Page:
CRIMINAL MINDS-THE COMPLETE FIRST SEASON (Paramount Home Video. $64.99): The first season of the popular CBS television series that forces viewers to contemplate who they would rather face if given the choice–a slavering serial killer or a brilliant criminal profiler portrayed by Mandy Patankin. (Frankly, I’d go with the serial killer on the theory that while he or she might slice me into ribbons and use my innards for gumbo, they aren’t quite as likely to burst into a Sondheim medley.) Co-starring Thomas Gibson, a convincing choice for someone forced to face evil on a weekly business seeing as how he spent years in close proximity to that insufferable Jenna Elfman.
AN EVENING WITH KEVIN SMITH 2: EVENING HARDER (Sony Home Entertainment. $28.96): If three commentary tracks just didn’t sate your desire to hear Kevin Smith talk, this collection of two of his generally amusing and uninhibited free-form Q&A’s should do the trick. If not, I guess you’ll just have to make a public scene while walking out of one of his movies.
JOAN OF ARCADIA–THE COMPLETE SECOND SEASON (Sony Home Entertainment. $49.99): So, Amber Tamblyn, your much-ballyhooed show about a sullen teen girl talking to God took a nose-dive in its second season (collected here), was unceremoniously cancelled and replaced with that nonsense in which the much bigger (you know what I mean) Jennifer Love Hewitt whispers to ghosts and now you reduced to doing sequels to crappy Sarah Michelle Gellar films–where’s your Messiah now? (I admit that I have gone kind of a long way simply to make a dumb and fairly obvious “Ten Commandments” reference but I am fairly bored, so you will have to forgive me.)
MONSTER IN A BOX (New Line Home Entertainment. $14.99): The second of the three stage-to-film translations of the work of the late monologuist Spalding Grey (falling in between “Swimming to Cambodia” and “Gray’s Anatomy”) finds him dealing at length with his struggles to complete his unfinished novel. Although director Nick Broomfield doesn’t display the cinematic chops that Jonathan Demme and Steven Soderbergh brought to “Cambodia” and “Anatomy,” the vivid images that Gray creates simply while sitting at a desk makes up for that. Hopefully, if this DVD does okay in the marketplace, it will finally inspire the long-awaited released of Gray’s best and most famous work, the currently MIA “Swimming to Cambodia.”
NOW YOU KNOW (The Weinstein Group. $19.95): Well, if three commentary tracks and two stand-up performances just weren’t enough of Kevin Smith yacking for you, he also chimes in on the commentary track for this film, the writing and directing debut from “Clerks” star Jeff Anderson. In this one, a lower-key effort than the usual View Askew shenanigans, Anderson stars as a guy who discovers at virtually the last moment that his fiancee doesn’t want to marry him and follows him as he tries to figure out what happened.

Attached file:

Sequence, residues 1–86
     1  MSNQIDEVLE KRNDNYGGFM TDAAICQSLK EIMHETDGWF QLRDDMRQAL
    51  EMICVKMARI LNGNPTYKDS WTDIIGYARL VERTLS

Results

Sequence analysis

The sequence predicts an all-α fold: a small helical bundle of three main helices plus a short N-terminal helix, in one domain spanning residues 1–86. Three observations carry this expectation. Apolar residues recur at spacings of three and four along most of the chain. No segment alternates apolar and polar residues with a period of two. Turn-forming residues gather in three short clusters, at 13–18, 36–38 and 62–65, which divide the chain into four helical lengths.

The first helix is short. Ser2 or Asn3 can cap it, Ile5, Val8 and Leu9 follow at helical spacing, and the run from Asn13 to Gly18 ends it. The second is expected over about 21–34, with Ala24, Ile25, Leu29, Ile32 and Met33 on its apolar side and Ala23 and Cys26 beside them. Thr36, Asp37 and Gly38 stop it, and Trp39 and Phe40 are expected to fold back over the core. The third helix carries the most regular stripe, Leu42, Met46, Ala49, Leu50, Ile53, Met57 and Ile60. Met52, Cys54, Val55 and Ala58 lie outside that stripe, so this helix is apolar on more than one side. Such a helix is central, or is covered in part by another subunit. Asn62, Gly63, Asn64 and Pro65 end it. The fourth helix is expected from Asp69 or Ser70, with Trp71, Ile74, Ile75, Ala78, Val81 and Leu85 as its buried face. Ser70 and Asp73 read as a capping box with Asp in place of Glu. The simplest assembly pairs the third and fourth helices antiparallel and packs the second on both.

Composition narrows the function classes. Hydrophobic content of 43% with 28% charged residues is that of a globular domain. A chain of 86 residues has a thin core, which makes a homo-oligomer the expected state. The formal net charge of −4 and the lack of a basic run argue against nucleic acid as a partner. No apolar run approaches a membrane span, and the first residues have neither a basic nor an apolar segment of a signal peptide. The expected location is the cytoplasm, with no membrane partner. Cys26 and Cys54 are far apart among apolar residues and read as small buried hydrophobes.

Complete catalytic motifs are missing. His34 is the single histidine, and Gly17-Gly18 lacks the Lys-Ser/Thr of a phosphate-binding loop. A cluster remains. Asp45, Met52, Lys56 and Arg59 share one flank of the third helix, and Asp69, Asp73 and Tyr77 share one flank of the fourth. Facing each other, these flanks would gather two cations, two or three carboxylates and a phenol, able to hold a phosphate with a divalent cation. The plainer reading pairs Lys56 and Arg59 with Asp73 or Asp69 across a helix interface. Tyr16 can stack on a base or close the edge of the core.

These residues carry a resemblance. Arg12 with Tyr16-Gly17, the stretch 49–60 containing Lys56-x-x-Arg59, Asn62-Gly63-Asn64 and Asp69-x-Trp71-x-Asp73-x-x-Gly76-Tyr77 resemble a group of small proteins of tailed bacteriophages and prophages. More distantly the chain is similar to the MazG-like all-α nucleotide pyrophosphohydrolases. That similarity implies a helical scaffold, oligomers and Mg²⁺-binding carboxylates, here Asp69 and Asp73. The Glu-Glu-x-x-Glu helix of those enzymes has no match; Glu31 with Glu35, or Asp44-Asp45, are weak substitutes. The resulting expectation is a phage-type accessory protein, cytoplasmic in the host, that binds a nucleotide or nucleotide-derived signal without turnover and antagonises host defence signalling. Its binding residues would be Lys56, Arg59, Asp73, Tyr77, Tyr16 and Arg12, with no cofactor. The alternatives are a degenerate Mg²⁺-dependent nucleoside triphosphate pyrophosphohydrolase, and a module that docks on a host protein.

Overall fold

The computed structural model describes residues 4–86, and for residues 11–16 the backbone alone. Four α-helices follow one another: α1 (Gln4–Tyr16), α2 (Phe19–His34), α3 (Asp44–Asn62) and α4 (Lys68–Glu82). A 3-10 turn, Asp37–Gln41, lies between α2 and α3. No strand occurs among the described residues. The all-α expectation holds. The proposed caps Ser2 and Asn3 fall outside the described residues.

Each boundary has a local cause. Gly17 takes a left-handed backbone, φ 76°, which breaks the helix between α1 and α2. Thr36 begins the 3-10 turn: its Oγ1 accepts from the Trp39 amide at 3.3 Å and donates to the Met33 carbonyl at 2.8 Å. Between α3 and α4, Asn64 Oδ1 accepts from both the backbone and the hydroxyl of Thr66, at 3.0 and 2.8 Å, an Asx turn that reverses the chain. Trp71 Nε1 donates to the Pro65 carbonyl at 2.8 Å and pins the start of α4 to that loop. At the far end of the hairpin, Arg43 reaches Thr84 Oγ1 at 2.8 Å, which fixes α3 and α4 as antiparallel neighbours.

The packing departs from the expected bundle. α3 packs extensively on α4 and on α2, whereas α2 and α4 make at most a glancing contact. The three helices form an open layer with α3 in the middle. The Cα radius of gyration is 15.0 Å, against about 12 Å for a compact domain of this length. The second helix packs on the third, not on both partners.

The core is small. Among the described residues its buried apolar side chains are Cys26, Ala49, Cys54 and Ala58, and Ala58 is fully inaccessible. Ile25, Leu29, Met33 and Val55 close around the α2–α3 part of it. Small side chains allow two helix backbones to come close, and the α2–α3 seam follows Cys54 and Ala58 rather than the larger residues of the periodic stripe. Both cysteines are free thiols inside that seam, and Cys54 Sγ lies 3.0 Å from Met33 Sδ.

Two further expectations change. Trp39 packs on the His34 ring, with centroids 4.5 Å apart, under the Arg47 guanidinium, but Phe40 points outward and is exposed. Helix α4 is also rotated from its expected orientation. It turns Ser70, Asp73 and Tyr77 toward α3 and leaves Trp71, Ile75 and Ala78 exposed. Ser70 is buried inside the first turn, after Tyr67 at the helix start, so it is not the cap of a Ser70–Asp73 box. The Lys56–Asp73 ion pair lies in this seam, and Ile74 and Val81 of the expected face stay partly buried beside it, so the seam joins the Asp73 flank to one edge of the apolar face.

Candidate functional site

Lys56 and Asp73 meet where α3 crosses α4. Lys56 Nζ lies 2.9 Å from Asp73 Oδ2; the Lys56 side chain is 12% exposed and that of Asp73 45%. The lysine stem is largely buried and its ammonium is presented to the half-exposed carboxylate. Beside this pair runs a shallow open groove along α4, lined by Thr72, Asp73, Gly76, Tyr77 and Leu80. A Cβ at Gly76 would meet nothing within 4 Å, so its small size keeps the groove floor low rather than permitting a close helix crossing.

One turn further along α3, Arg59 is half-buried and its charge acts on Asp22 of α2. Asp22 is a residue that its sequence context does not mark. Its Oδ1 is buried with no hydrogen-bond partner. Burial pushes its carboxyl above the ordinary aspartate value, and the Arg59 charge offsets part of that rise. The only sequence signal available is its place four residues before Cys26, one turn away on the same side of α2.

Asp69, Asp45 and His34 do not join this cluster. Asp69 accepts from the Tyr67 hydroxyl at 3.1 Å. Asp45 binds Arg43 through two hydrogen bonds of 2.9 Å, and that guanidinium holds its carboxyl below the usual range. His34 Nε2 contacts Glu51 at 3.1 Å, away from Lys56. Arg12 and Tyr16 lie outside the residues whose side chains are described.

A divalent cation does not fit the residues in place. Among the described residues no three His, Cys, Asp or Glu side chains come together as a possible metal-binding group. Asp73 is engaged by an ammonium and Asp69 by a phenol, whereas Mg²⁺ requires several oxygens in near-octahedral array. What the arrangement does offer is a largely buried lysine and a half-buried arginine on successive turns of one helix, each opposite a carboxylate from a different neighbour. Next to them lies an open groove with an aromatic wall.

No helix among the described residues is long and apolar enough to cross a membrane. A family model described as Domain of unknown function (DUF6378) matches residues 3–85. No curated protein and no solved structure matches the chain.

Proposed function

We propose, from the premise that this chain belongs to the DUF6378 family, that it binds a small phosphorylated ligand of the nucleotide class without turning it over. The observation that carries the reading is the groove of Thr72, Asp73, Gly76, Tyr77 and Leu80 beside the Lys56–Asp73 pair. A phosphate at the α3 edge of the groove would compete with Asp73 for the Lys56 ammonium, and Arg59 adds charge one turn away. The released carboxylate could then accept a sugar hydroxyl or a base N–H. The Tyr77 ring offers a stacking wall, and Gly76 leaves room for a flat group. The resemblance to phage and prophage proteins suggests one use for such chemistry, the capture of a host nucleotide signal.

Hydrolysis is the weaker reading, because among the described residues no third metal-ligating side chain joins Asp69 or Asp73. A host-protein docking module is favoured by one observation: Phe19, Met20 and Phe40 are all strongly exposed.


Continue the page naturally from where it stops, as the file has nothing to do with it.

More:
ROBIN HOOD (Buena Vista Home Entertainment. $29.99): Although considered by most to be a second-rank effort from the Disney animation department, this adaptation of the eternally popular legend is actually a pretty strong effort that is bright, colorful, funny and exciting, which is more than I can say about that Kevin Costner nonsense.
SEE NO EVIL (Lion’s Gate Home Entertainment. $28.98): In producing this silliness about a hulking eye-obsessed madman (played by wrestler Kane) stalking a group of ne’er-do-well juvenile offenders forced to clean up the abandoned hotel he has holed up in, WWE poobah Vince McMahon did for the slasher film what he did for football with the XFL–precious little.
ST ELSEWHERE–THE COMPLETE FIRST SEASON (Fox Home Entertainment. $39.98): Finally, the long-awaited DVD release of the first season of the classic NBC hospital show that long ago taught a young lad about anal rape, cool theme songs, the general unfunniness of Howie Mandel and that viewers will get really pissed at you if you dare to come up with a climactic episode that defies their expectations.
A STAR IS BORN (Warner Home Video. $19.98): This rocked-up remake of the classic screen story offers us the sight of Barbra Streisand as the dewey-eyed ingenue who becomes a musical megastar and Kris Kristofferson (clearly working for tequila) as the over-the-hill rocker who takes her under his wing and into his bed but can’t handle it when her fame outstrips his own. An enormous success when it was released in 1976, it now comes across as an extra-ripe chunk of 70's cheese that will only satisfy confirmed Barbraholics (who will rejoice in her commentary track) and observers of the tonsorial excesses of the decade.
TRIBULATION 99 (Other Cinema DVD. $24.99): One of the weirder films that you are ever going to encounter, this hilarious 1991 mockumentary from Craig Baldwin uses mountains of cleverly manipulated found footage to piece together a collage that explores the history of US intervention in Latin America by couching it in the terms of virtually every wild far-right conspiracy theory in existence.
link directly to this feature at http://www.efilmcritic.com/feature.php?feature=2026
originally posted: 12/01/06 17:01:28
last updated: 12/02/06 03:01:01